International Monuments and Sites Day


In commemorating International Monuments and Sites Day, the UIA pays homage to the cultural heritage that shapes our world. Established by the International Council on Monuments and Sites (ICOMOS), this annual observance serves as a reminder of the importance of preserving and protecting our global heritage. It is a day to reflect on the significance of monuments and sites, not only as symbols of our history and identity but also as witnesses to the challenges and triumphs of humanity.

ICOMOS, a non-governmental organisation linked to the United Nations Educational, Scientific and Cultural Organization (UNESCO), shares a common mission with the UIA in promoting cultural heritage conservation and sustainable development. Together, they work to safeguard our shared cultural legacy for future generations.

This year’s theme for International Monuments and Sites Day, “Disaster and Conflict Resilient Heritage – Preparedness, Response and Recovery” from the Triennial Scientific Plan, highlights the devastating impact of disasters and conflicts on our cultural heritage. War and natural disasters have ravaged countless monuments and sites, erasing tangible links to our past and threatening our collective memory.

The Venice Charter, adopted by ICOMOS in 1964, underscores the importance of preserving monuments and safeguarding them from damage or destruction. Yet, despite these efforts, tragedies such as the Morocco earthquake in September 2023 and the Libya flood in October 2023 serve as stark reminders of the vulnerability of our cultural heritage.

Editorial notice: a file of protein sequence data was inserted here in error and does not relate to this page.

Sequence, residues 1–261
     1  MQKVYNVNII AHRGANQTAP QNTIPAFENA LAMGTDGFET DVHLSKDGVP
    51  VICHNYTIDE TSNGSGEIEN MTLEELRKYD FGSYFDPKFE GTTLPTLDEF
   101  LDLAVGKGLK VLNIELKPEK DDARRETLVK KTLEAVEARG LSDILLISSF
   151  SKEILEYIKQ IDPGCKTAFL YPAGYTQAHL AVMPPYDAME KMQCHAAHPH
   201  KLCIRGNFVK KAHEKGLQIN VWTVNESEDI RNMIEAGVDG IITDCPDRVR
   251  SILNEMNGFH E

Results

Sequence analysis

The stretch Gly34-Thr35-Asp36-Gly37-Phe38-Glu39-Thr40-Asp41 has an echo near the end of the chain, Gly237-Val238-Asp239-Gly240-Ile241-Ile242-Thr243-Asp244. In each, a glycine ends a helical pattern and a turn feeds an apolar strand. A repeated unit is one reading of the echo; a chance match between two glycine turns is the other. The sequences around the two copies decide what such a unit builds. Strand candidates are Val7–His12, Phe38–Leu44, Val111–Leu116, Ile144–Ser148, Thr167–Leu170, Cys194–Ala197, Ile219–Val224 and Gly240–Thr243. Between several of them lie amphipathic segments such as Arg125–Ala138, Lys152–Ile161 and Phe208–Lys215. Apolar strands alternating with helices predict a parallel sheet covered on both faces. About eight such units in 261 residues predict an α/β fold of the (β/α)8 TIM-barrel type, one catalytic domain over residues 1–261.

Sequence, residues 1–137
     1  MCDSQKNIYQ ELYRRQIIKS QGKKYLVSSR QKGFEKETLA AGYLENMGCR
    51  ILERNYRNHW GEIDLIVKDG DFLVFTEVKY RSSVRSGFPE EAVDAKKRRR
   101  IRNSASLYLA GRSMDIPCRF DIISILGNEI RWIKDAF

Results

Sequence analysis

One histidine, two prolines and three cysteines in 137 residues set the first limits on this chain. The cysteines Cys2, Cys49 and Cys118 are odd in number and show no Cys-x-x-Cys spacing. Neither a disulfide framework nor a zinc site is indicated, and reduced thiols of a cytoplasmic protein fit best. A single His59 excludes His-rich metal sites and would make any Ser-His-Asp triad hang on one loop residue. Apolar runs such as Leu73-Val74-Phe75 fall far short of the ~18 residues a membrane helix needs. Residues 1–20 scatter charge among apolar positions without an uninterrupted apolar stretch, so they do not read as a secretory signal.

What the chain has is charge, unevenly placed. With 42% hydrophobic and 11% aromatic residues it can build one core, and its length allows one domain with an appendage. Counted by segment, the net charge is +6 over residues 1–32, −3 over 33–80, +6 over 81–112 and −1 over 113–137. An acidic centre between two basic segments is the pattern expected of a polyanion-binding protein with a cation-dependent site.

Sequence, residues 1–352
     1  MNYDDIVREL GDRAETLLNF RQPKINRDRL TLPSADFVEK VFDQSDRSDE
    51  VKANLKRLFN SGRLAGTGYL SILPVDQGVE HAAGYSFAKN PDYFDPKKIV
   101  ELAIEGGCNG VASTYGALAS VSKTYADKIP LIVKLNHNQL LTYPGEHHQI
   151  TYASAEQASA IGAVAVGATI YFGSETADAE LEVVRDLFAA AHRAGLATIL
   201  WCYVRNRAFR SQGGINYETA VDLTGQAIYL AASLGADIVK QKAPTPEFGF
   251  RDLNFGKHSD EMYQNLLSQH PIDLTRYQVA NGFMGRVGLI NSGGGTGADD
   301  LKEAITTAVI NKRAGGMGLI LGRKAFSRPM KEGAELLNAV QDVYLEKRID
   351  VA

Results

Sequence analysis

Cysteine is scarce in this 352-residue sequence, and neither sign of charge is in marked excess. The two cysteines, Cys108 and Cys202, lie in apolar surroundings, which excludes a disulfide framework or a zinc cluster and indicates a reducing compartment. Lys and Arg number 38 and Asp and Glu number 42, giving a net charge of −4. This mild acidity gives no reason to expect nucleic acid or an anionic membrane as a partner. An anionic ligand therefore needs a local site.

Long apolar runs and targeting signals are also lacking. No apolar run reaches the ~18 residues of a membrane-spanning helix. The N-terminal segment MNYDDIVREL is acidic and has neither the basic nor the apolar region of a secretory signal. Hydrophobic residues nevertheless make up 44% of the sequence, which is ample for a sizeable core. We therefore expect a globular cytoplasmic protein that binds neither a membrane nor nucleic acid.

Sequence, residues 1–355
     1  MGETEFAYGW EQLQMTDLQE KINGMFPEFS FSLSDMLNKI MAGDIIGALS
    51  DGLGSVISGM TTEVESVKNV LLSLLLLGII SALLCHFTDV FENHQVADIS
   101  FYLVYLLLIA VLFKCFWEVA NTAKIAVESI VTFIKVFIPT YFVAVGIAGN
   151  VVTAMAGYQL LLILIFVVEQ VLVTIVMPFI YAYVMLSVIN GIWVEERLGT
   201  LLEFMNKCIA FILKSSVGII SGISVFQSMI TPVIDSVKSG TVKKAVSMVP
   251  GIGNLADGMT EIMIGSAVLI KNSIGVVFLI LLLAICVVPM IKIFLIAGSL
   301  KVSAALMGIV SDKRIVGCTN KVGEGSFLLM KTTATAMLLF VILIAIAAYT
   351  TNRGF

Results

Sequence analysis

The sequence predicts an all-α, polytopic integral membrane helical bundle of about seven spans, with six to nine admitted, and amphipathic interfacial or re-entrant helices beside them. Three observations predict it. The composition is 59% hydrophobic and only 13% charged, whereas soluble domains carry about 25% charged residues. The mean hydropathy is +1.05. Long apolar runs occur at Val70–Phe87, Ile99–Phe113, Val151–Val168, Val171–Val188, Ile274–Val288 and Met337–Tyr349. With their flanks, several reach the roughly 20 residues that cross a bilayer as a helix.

The Morocco earthquake, with its tremors shaking historic cities and towns, resulted in widespread devastation. Centuries-old mosques such as 12th century Kutubiyya Mosque, palaces, and ancient ruins crumbled under the force of nature, leaving behind a trail of rubble and loss. The Mellah of Marrakech is in ruins, the historic red sandstone city wall from the capital. Similarly, the floods in Libya inundated archaeological sites and cultural landmarks, washing away centuries of history and cultural significance. The Temple of Zeus in Cyrene, which dates back to the second century AD and is larger than the Parthenon in Athens, is among the monuments with relatively minor immediate damage, but future collapses are threatened by the water circling around their foundations.

Beyond the staggering loss of human lives, these disasters inflicted irreparable damage to our cultural heritage. Priceless artifacts were lost, architectural wonders reduced to ruins, and communities left grappling with the aftermath. The destruction of monuments and sites not only robs us of our heritage but also diminishes our collective identity and sense of belonging.

As we observe International Monuments and Sites Day, let us renew our commitment to preserving and protecting our cultural heritage. Through collaboration and collective action, we can ensure that these treasures endure for generations to come, serving as a testament to the resilience and spirit of humanity.